While it is probably more the exception than the rule for someone to actually have much more than their name and the dates of their birth and death inscribed on their grave markers, still it is intriguing to reflect on what we think others might inscribe there if they were so inclined. Just as interesting is what we would want to put there if it were up to us.
Last summer, as our family visited a number of historical sites on the east coast, some of the most interesting and compelling places we visited were cemeteries and monuments where careful and thoughtful attention was given to remembering and reflecting on the significance of the people and events that were tied to those places. These were created with the anticipation that many people over long periods of time would come and visit these sites, absorb their significance, and in some way go away changed.
However, one of those that spoke to me the most profoundly was one that I suspect was put in place without that kind of anticipation. As far as I know, it is neither well known, nor is it on anyone’s “must see” list.
As part of our trip, we spent a few days with my sister and brother-in-law at their home in Hermitage, Tennessee, a small town just a few miles from Nashville, and near a number of interesting historical sites from the Civil War era.
One afternoon while we were visiting some of these places, my brother-in-law told us that he wanted to take us to see something that we would not likely find mentioned in any of the tourist brochures. Intrigued with what he might have in mind, we traveled with him to a small Confederate cemetery, attached to a old church, and next to where a facility had once stood that served as a kind of retirement home for Confederate soldiers.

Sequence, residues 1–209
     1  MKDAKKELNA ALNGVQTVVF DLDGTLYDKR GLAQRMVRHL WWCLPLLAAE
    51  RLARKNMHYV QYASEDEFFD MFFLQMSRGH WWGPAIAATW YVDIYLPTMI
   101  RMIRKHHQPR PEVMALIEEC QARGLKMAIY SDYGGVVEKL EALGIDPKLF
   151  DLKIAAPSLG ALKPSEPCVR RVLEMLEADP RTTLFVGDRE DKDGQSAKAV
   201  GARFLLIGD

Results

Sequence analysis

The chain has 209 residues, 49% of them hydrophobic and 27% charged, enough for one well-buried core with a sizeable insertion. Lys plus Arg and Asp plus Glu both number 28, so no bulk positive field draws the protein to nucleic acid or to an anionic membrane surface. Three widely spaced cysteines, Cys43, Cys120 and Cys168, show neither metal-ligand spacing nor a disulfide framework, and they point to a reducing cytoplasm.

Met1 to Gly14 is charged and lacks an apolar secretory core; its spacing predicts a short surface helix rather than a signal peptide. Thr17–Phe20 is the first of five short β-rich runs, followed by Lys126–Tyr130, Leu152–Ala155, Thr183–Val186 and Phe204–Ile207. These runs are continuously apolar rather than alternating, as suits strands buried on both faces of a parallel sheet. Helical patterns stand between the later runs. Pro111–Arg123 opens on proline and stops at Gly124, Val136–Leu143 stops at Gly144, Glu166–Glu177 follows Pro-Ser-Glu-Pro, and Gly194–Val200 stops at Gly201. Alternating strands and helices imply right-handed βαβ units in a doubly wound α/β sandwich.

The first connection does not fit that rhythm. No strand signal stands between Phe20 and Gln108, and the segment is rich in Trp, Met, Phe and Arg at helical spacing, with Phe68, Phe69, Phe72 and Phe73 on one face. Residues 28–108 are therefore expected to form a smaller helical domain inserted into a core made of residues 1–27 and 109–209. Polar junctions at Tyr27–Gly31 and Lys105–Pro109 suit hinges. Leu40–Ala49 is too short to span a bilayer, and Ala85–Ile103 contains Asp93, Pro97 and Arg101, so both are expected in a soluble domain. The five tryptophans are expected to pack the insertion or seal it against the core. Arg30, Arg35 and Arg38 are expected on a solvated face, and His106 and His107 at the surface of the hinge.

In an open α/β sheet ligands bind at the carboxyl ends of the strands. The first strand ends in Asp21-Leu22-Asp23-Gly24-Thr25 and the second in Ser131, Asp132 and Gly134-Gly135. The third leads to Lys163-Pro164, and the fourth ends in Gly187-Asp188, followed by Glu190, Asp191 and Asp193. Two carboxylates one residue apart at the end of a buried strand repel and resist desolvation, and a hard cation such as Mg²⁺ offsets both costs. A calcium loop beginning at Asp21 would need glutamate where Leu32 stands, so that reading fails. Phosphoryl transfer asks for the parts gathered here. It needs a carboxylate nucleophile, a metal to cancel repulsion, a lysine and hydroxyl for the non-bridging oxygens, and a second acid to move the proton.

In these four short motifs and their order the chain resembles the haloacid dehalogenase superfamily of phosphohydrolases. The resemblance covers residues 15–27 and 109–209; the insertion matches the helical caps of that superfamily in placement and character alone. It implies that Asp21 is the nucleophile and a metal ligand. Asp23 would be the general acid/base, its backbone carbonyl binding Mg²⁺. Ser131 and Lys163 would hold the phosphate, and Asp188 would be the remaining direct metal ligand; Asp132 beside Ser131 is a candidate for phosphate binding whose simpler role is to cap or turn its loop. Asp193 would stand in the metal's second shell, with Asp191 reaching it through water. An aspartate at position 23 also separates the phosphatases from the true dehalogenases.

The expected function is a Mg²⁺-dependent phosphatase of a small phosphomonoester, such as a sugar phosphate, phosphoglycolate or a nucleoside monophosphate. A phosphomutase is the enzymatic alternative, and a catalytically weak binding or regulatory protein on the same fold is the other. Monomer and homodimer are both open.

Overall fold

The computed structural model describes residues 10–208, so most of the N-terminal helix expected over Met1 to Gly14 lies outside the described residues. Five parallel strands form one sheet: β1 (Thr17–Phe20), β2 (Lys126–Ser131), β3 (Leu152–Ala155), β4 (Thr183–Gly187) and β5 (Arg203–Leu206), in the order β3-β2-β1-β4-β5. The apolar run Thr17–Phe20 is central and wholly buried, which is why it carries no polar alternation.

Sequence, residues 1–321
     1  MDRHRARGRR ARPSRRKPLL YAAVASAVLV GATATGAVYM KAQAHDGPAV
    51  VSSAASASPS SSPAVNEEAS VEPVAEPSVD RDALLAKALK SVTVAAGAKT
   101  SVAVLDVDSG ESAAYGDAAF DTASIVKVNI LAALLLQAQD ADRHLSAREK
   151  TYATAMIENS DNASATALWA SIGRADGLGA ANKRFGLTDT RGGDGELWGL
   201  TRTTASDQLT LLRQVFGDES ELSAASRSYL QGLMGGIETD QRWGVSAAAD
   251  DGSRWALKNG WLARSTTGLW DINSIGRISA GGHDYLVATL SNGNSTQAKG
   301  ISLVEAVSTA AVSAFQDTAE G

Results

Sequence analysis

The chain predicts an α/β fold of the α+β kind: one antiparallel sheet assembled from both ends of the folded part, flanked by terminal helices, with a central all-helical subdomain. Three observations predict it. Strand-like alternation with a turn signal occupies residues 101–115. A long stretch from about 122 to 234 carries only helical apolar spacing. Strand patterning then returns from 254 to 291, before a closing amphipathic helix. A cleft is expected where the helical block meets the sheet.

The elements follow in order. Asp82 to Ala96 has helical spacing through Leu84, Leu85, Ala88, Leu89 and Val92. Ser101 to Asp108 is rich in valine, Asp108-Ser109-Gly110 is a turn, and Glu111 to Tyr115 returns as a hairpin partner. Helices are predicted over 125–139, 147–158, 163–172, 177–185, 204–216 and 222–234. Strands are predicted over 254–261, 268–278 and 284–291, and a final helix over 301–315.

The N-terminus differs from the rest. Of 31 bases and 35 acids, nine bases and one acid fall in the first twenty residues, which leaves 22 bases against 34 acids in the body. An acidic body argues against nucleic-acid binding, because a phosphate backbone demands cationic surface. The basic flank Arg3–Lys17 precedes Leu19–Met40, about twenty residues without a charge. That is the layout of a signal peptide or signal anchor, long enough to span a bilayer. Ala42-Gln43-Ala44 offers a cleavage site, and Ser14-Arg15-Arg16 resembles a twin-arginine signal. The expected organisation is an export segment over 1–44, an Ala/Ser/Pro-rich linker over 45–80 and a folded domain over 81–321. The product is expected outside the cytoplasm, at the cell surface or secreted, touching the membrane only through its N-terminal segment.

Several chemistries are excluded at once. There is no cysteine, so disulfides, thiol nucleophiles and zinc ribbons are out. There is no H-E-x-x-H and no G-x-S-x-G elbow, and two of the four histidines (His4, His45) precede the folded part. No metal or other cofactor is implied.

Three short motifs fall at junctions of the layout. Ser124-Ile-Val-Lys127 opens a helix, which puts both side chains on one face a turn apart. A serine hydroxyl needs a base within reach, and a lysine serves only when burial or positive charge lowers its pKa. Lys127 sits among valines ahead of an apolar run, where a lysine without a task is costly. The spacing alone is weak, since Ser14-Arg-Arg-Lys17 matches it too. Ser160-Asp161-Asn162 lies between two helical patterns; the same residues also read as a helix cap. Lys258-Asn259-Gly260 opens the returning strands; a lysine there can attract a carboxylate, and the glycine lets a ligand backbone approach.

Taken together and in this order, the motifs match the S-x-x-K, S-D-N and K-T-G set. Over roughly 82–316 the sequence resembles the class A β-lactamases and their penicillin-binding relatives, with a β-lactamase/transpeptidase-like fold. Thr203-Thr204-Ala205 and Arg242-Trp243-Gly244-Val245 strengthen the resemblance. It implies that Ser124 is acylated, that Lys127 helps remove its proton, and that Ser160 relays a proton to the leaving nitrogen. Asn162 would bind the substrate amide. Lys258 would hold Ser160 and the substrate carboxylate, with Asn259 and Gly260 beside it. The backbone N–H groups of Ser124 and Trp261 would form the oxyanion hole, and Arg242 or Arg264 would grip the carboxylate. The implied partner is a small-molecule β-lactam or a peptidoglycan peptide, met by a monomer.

In the cemetery there was a large monument to the soldiers buried there. Around it, headstones were arranged in a unique pattern that formed concentric circles, the pattern of which you can see in the picture to the right.
My brother-in-law didn't say much at first, as we stood there, taking it all in. Finally he asked if there was anything about what we were seeing that captured our attention. Maybe it was the intense afternoon heat, but, to be honest, we didn’t notice anything at first. But then, he drew our attention to something that might otherwise have slipped by us. One lone headstone, standing by itself (left side of the picture), clearly outside of the circles.
Our curiosity having now been aroused, we walked over to take a closer look. What we read on the grave marker was a name, Ralph Ledbetter, and then markings that indicated that he was in from the Confederate First Infantry Division from Tennessee and the date of his birth and his death. But what figured most prominently on the headstone, enclosed in parentheses, but as an inscription that was anything but parenthetical, the word “Slave.”
It took a few moments for the significance of what we were seeing to begin to sink in, but as it did, it was literally stunning. A year later it is still sinking in. While the grave maker gave few of the details of this man’s story, what can be surmised from the little we know may be something very close to this:
Here is man who was a slave. At best would have been regarded as beloved property by those he served. Perhaps it was out of a sense of loyalty, or maybe even devotion to those who owned him, that he was willing to set aside an interest in his own freedom to actually fight along side of other confederate soldiers in their cause. It is intriguing to think about what may have motivated him to do as he did. But what I found myself wondering about even more, was not so much what was going on inside of the man who was buried here, as what was going on inside of those who buried him?
As a slave fighting on the side of the Confederacy, (whatever his reasons for doing so may have been), in some very significant ways, the sacrifice he was making was as much, or greater, than any of those around him. Yet, when it came time for him to be buried, his grave stands alone, outside of the circle, and clearly labeled in a manner that makes his status, or lack of status, clear.